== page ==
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Author Topic: UV-Visible Spectroscopy: Electronic Transitions  (Read 8481 times)

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Winga

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UV-Visible Spectroscopy: Electronic Transitions
« on: April 04, 2005, 04:07:13 AM »

http://www.cem.msu.edu/~reusch/VirtualText/Spectrpy/UV-Vis/spectrum.htm

Quote
As a rule, energetically favored electron promotion will be from the highest occupied molecular orbital (HOMO) to the lowest unoccupied molecular orbital (LUMO), and the resulting species is called an excited state.

I think there is a problem in this statement.
It stated that the e- transition from HOMO to LUMO is energetically favoured. What's that mean? It means that the lower energy gap between two states, the easier for the transition?

Just consider a situation of n->pi* transition, is it more favoured for the transition than that of pi->pi*?

If I made any mistake, please point it out, maybe I misunderstood the statement.
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Donaldson Tan

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Re:UV-Visible Spectroscopy: Electronic Transitions
« Reply #1 on: April 05, 2005, 06:11:20 PM »

there can be only 1 HOMO, either n or pi. you can't consider both in the same molecular system.

unless you have a molecule whose HOMO is n and its LUMO is pi*, then n->pi* is the most probable outcome.
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Winga

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Re:UV-Visible Spectroscopy: Electronic Transitions
« Reply #2 on: April 06, 2005, 02:54:43 AM »

I mean if the HOMO is pi orbital (so, LUMO is n orbital), it is much easier for pi to pi* transition than that of pi to n transition due to the symmetry of orbitals between two states.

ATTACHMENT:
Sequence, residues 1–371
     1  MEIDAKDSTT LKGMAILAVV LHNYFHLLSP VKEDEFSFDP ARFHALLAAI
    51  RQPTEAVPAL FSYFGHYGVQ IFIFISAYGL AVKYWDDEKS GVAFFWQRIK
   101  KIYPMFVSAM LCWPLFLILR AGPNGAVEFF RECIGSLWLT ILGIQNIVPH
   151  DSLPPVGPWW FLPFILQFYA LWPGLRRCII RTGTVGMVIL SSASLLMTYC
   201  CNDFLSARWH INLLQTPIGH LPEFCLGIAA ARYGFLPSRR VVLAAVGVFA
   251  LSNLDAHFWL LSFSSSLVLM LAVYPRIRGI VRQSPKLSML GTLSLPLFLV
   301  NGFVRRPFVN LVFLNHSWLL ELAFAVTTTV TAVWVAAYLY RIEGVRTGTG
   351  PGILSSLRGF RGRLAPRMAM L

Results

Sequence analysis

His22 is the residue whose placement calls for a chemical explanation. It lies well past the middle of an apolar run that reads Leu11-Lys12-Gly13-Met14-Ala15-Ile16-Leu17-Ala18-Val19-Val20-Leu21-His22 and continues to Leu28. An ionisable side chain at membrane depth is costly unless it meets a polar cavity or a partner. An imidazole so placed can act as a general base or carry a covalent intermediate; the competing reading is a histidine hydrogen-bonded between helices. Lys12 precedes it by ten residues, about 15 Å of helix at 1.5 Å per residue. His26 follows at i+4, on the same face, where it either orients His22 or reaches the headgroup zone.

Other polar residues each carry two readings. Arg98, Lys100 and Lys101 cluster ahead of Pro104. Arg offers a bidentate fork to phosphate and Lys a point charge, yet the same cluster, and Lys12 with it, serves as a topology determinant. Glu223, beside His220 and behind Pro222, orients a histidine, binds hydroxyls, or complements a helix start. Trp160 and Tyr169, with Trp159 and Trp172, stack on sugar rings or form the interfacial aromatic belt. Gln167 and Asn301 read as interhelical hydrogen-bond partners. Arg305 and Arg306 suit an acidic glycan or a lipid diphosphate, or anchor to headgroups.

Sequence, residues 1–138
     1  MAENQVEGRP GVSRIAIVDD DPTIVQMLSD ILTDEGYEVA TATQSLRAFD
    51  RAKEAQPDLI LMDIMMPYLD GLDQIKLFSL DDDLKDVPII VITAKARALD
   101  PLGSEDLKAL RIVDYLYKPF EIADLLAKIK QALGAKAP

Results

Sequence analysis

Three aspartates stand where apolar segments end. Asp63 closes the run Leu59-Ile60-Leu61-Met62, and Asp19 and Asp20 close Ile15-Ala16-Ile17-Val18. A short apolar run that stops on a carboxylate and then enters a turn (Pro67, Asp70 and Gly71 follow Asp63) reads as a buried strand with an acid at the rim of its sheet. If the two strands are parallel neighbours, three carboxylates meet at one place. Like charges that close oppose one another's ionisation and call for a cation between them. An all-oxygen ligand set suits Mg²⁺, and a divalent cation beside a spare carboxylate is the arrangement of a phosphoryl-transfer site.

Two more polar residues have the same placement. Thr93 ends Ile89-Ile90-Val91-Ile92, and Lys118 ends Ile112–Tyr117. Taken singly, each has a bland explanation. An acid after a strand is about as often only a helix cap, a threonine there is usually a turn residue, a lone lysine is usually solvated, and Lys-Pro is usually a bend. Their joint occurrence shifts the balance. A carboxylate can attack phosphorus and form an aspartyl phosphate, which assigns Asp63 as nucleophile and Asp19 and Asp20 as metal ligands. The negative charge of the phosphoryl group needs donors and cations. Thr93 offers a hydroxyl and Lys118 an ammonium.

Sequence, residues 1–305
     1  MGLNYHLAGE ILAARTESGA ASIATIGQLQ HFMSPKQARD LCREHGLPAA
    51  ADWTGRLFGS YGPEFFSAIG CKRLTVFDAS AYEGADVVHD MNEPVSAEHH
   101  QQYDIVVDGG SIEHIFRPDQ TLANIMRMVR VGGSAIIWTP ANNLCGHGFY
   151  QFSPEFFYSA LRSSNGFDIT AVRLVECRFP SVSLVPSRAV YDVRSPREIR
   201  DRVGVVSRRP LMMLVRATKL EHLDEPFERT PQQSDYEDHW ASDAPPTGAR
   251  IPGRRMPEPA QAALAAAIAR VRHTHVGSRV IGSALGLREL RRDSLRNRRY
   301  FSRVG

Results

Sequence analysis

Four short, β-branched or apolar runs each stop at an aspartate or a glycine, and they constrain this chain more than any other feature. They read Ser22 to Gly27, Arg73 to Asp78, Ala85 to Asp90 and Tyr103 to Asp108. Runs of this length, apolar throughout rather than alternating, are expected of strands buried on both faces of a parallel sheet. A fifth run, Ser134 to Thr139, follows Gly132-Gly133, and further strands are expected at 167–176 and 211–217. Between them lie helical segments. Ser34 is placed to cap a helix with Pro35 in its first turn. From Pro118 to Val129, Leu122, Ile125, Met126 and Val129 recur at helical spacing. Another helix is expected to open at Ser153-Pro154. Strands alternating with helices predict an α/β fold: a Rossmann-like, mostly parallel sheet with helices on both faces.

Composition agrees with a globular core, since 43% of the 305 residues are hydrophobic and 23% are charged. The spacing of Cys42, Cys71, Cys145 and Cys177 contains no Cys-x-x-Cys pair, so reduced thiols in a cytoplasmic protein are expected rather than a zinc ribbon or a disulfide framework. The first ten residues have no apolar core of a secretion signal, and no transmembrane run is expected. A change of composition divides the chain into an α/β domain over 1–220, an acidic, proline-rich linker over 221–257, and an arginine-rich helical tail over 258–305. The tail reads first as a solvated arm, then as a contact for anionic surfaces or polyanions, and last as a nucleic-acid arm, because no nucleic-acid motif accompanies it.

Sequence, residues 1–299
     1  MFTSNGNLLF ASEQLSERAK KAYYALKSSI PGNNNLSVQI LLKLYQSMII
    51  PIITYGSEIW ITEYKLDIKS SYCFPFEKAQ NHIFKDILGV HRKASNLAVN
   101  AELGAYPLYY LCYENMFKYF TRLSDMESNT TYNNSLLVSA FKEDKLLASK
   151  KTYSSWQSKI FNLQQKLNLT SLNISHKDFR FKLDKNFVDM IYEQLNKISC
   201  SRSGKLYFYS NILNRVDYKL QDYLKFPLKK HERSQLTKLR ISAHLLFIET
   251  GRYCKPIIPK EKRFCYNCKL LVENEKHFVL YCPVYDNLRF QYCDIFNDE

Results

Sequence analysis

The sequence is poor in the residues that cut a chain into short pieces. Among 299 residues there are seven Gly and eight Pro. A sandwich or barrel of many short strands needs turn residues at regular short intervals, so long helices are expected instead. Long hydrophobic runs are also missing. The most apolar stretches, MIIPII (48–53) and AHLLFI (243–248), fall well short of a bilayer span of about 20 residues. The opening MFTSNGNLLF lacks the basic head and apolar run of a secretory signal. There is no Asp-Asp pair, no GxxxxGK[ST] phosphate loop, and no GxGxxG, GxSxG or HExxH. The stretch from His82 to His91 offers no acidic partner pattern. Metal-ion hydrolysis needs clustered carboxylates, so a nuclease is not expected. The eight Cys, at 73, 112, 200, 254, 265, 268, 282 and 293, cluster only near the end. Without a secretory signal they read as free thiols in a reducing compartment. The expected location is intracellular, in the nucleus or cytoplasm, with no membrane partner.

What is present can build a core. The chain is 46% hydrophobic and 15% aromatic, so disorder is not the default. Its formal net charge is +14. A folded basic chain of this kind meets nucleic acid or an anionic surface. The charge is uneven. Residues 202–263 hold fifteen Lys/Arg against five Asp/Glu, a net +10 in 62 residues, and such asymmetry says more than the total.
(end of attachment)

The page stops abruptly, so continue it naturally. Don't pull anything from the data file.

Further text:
However, the statement mentioned that it is energically favoured for HOMO to LUMO transition because of smaller energy gap between two states.
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Re:UV-Visible Spectroscopy: Electronic Transitions
« Reply #3 on: April 06, 2005, 10:00:39 AM »

If the HOMO is a pi then the LUMO will be a pi*

I can't think of any examples of a pi -> n transition.
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Winga

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Re:UV-Visible Spectroscopy: Electronic Transitions
« Reply #4 on: April 06, 2005, 10:55:45 AM »

Sorry, I made a mistake.

Just consider there are 2 situations:

1. n -> pi*
2. pi -> pi*

The energy gap between n & pi* is lower than that of between pi & pi* in most cases.

If electronic transitions are energetically favoured, this implies that n -> pi* transitions are more favourable than that of pi -> pi*  transitions due to less energy is required.

However, the intensity of transitions is depend on molar absorptivity (molar extinction coefficient), epsilon, and independent to delta E.
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Re:UV-Visible Spectroscopy: Electronic Transitions
« Reply #5 on: April 06, 2005, 12:08:18 PM »

If electronic transitions are energetically favoured, this implies that n -> pi* transitions are more favourable than that of pi -> pi*  transitions due to less energy is required.

However, the intensity of transitions is depend on molar absorptivity (molar extinction coefficient), epsilon, and independent to delta E.

Yes, exactly, less energy is necessary so it's easier to do.

The intensity is based on other things, as you said.  The energy necessary to effect the transition will dictate what wavelength of light will be necessary to cause the transition.  What you will see in the UV spectrum then is that the peak will be in a different place, then intensity, however, might vary drastically based on the other effects you mentioned.
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